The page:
For Ilana and Cornel
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Contents Preface viii 1 Approaching complexity 1 2 Introducing connectionism 25 3 Post-structuralism, connectionism and complexity 37 4 John Searle befuddles 48 5 Problems with representation 58 6 Self-organisation in complex systems 89 7 Complexity and postmodernism 112 8 Afterword: Understanding complexity 141 Notes 143 Bibliography 149 Index 155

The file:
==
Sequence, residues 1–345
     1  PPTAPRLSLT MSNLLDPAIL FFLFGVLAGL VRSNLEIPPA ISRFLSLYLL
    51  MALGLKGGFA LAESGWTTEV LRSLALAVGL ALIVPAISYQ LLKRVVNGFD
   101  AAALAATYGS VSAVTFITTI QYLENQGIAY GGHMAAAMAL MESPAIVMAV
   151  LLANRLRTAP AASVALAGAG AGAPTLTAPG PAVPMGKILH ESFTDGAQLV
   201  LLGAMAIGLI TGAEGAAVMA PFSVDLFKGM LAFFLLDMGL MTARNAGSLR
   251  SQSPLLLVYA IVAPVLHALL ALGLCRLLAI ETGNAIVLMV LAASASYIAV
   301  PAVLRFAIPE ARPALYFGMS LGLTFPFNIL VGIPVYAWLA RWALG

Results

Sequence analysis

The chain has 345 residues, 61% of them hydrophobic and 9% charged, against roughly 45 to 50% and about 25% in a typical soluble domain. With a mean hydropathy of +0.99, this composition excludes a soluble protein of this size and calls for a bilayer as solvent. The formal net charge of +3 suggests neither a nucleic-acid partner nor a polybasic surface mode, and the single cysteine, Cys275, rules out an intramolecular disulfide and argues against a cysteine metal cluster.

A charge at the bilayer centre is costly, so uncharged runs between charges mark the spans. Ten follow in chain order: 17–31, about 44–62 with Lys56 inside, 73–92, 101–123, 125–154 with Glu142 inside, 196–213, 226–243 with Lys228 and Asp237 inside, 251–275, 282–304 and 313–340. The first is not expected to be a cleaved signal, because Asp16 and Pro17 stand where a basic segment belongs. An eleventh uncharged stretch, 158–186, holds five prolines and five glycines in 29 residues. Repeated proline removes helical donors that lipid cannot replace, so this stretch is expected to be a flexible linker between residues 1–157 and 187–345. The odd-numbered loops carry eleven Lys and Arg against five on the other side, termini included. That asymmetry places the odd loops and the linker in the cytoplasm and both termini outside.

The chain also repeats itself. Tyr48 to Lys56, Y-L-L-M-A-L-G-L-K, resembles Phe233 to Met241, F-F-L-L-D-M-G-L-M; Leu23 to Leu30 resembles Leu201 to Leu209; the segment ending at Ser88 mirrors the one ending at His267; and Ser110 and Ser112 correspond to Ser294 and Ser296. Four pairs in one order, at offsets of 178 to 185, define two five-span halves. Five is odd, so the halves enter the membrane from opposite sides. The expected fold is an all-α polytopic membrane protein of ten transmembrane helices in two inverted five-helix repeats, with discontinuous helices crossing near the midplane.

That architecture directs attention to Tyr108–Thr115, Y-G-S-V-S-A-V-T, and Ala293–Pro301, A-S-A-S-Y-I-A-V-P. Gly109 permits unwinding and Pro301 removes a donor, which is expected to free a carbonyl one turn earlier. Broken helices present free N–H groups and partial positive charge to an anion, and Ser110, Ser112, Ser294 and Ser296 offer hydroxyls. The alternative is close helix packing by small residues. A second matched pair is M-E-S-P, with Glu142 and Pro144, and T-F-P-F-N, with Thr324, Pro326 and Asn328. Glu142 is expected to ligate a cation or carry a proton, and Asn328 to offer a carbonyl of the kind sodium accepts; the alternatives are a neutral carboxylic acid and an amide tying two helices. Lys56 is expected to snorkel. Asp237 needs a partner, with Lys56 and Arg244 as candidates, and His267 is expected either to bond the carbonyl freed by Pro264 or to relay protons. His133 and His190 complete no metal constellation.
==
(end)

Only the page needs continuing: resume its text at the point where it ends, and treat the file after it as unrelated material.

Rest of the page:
Preface ‘Complexity’ and ‘postmodernism’ are both controversial notions. Contemporary society is readily described as being postmodern, but reactions to this description diverge sharply. For some (like Zygmunt Bauman) postmodernism creates the possibility to escape from the strictures of modernism and to re-enchant the world. For others (like Ernest Gellner) it exemplifies relativism—a theoretical framework in which anything goes—and leaves them with a feeling of vertigo. Postmodernism can also be seen as being parasitic on modernism, or as modernism’s underbelly. In such a case it could be argued that we should drop the concept altogether if we want to move beyond the oversimplified ideals of the Enlightenment. The different responses to postmodernism are based on different understandings of the word’s meaning. Even if it were possible to clarify this debate, it is not my intention to do so in this book nor shall I attempt to provide an apology for postmodernism. My main concern is with the notions of complexity and complex systems. As far as postmodernism is concerned, the argument is simply that a number of theoretical approaches, loosely (or even incorrectly) bundled together under the term ‘postmodern’ (e.g. those of Derrida and Lyotard), have an implicit sensitivity for the complexity of the phenomena they deal with. Instead of trying to analyse complex phenomena in terms of single or essential principles, these approaches acknowledge that it is not possible to tell a single and exclusive story about something that is really complex. The acknowledgement of complexity, however, certainly does not lead to the conclusion that anything goes. The concept ‘complexity’ is not univocal either. Firstly, it is useful to distinguish between the notions ‘complex’ and ‘complicated’. If a system— despite the fact that it may consist of a huge number of components—can be given a complete description in terms of its individual constituents, such a system is merely complicated. Things like jumbo jets or computers are complicated. In a complex system, on the other hand, the interaction among constituents of the system, and the interaction between the system and its environment, are of such a nature that the system as a whole cannot be fully understood simply by analysing its components. Moreover, these relationships